USB-C port on a smartphone.
|Type||Digital audio/video/data connector/power|
|Designer||USB Implementers Forum|
|Designed||August 2014 (published)|
The USB-C connectors connect to both hosts and devices, replacing various USB-B and USB-A connectors and cables with a standard meant to be future-proof. The 24-pin double-sided connector is slightly larger than the micro-B connector, with a USB-C port measuring 8.4 millimetres (0.33 in) by 2.6 millimetres (0.10 in). The connector provides four power/ground pairs, two differential pairs for non-SuperSpeed data (though only one pair is populated in a USB-C cable), four pairs for SuperSpeed data bus (only two pairs are used in USB 3.1 mode), two "sideband use" pins, VCONN +5 V power for active cables, and a configuration pin used for cable orientation detection and dedicated biphase mark code (BMC) configuration data channel.
Connecting an older device to a host with a USB-C receptacle requires a cable or adapter with a USB-A or USB-B plug or receptacle on one end and a USB-C plug on the other end. Legacy adapters with a USB-C receptacle are "not defined or allowed" by the specification because they can create "many invalid and potentially unsafe" cable combinations.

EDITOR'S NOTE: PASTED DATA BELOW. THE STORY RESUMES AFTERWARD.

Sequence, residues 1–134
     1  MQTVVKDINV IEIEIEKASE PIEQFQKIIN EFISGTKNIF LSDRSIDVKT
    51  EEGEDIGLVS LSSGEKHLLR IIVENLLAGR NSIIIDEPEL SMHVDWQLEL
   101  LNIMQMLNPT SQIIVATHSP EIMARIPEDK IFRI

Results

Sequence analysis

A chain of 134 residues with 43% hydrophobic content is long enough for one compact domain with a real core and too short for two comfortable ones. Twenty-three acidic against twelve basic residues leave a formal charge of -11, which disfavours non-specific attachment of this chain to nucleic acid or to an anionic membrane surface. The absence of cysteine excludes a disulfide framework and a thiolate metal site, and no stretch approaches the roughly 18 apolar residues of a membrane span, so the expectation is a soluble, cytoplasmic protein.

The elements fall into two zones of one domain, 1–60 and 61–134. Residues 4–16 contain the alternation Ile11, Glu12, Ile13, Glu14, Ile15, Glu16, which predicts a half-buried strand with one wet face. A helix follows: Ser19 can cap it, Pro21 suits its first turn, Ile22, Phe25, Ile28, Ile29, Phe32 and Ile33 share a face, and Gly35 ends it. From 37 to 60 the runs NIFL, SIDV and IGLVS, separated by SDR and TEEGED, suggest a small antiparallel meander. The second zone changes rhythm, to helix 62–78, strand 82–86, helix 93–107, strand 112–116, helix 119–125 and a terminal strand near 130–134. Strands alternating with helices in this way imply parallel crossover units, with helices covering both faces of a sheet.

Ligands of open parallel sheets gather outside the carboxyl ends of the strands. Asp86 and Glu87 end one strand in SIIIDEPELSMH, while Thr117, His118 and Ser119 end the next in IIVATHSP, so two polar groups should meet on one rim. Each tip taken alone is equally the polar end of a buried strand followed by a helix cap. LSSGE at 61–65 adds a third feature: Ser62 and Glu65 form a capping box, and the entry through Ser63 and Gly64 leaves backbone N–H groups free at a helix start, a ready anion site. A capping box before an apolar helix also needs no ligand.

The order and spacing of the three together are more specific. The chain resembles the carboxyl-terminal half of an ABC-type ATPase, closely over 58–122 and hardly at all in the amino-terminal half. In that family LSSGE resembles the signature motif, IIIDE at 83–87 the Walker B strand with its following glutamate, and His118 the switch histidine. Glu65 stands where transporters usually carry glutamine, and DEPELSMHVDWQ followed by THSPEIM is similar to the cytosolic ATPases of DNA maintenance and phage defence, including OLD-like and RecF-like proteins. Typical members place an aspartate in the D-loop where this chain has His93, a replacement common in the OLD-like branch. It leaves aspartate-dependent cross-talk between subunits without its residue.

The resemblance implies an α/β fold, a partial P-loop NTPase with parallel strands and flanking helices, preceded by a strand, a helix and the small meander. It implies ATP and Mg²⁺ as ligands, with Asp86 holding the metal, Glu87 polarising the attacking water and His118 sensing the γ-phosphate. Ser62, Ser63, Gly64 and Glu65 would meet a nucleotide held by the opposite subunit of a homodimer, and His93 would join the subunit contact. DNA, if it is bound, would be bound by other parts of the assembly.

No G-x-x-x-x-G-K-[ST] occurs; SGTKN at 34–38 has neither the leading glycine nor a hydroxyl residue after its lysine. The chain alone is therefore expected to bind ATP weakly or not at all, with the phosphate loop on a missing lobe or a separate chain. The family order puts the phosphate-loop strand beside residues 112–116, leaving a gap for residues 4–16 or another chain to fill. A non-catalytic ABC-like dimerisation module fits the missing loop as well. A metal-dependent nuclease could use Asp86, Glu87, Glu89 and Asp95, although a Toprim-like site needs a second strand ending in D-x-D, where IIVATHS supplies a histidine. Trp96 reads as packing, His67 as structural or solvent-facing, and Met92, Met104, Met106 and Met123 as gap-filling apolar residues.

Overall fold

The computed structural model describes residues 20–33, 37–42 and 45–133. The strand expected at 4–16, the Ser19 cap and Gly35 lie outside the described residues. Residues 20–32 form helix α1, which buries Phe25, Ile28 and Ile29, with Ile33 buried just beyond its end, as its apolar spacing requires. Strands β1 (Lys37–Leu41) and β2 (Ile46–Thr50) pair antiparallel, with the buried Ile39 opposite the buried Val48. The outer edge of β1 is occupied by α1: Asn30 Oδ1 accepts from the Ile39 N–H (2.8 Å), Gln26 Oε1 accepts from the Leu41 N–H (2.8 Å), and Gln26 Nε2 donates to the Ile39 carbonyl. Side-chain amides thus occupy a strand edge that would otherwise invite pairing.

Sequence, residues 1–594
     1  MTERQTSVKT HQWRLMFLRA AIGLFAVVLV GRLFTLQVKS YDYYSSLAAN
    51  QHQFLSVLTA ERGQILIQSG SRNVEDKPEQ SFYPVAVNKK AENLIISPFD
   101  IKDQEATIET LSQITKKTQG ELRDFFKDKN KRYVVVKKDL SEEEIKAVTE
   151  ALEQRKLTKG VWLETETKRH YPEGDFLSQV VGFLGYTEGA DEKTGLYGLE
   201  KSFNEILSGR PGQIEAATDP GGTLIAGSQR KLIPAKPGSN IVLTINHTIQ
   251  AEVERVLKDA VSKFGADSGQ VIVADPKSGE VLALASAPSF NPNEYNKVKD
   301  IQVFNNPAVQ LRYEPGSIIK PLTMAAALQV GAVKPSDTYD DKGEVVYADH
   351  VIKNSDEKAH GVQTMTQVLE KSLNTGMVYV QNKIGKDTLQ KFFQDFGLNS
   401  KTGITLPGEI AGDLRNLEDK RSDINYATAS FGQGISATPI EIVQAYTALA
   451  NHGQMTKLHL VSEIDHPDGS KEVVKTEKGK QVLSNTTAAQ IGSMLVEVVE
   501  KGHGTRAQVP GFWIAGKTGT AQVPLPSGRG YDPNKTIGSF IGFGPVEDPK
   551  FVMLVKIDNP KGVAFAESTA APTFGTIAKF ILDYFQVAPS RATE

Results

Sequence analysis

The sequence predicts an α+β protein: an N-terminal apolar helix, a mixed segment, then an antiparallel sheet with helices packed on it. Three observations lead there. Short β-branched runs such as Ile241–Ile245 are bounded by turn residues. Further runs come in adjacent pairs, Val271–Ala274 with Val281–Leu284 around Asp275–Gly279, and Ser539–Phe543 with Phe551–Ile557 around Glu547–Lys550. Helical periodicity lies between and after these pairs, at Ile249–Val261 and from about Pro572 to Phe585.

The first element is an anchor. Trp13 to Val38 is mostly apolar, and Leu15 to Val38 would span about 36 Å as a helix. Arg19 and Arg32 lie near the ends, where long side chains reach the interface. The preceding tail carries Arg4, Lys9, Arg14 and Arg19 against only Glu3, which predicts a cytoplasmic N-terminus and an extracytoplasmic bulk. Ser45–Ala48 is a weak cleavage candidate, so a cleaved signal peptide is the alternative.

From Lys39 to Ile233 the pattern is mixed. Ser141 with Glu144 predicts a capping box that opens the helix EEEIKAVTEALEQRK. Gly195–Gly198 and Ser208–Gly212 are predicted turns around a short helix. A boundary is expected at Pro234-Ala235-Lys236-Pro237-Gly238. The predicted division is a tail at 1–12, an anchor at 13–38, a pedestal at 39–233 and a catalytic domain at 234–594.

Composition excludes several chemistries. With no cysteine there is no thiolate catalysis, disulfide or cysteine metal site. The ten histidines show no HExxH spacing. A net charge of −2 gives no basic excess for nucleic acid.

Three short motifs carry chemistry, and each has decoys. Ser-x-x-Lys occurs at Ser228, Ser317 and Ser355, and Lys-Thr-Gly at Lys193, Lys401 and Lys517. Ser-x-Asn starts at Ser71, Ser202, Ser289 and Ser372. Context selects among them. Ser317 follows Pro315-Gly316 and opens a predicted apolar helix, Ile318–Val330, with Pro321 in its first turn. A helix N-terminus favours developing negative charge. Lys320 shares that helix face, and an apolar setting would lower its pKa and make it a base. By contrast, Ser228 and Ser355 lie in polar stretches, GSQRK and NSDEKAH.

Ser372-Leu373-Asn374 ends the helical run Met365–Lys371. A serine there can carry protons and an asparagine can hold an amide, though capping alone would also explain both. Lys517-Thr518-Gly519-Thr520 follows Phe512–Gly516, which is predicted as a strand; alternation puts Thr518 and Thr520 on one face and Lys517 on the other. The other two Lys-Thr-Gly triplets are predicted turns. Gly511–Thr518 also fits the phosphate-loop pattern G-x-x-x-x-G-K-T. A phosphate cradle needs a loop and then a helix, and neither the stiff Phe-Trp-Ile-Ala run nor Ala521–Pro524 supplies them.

Devices may be hosts or peripherals. Some, such as mobile phones, can take either role depending on what kind is detected on the other end. These types of ports are called Dual-Role-Data (DRD). When two such devices are connected, the roles are randomly assigned but a swap can be commanded from either end. Furthermore, dual-role devices that support USB Power Delivery may independently and dynamically swap data and power roles using the Data Role Swap or Power Role Swap processes. This allows for charge-through hub or docking station applications where the Type-C device acts as a USB data host while acting as a power consumer rather than a source.
USB-C devices may optionally support bus power currents of 1.5 A and 3.0 A (at 5 V) in addition to baseline bus power provision; power sources can either advertise increased USB current through the configuration channel, or they can support the full USB Power Delivery specification using both BMC-coded configuration line and legacy BFSK-coded VBUS line.
USB-C 3.1 cables are considered full-featured USB-C cables. They are electronically marked cables that contain a chip with an ID function based on the configuration channel and vendor-defined messages (VDM) from the USB Power Delivery 2.0 specification. Cable length should be ≤ 2 m for Gen 1 or ≤ 1 m for Gen2. Electronic ID chip provides information about product/vendor, cable connectors, USB signalling protocol (2.0, Gen1, Gen 2), passive/active construction, use of VCONN power, supported VBUS current, latency, RX/TX directionality, SOP controller mode, and hardware/firmware version .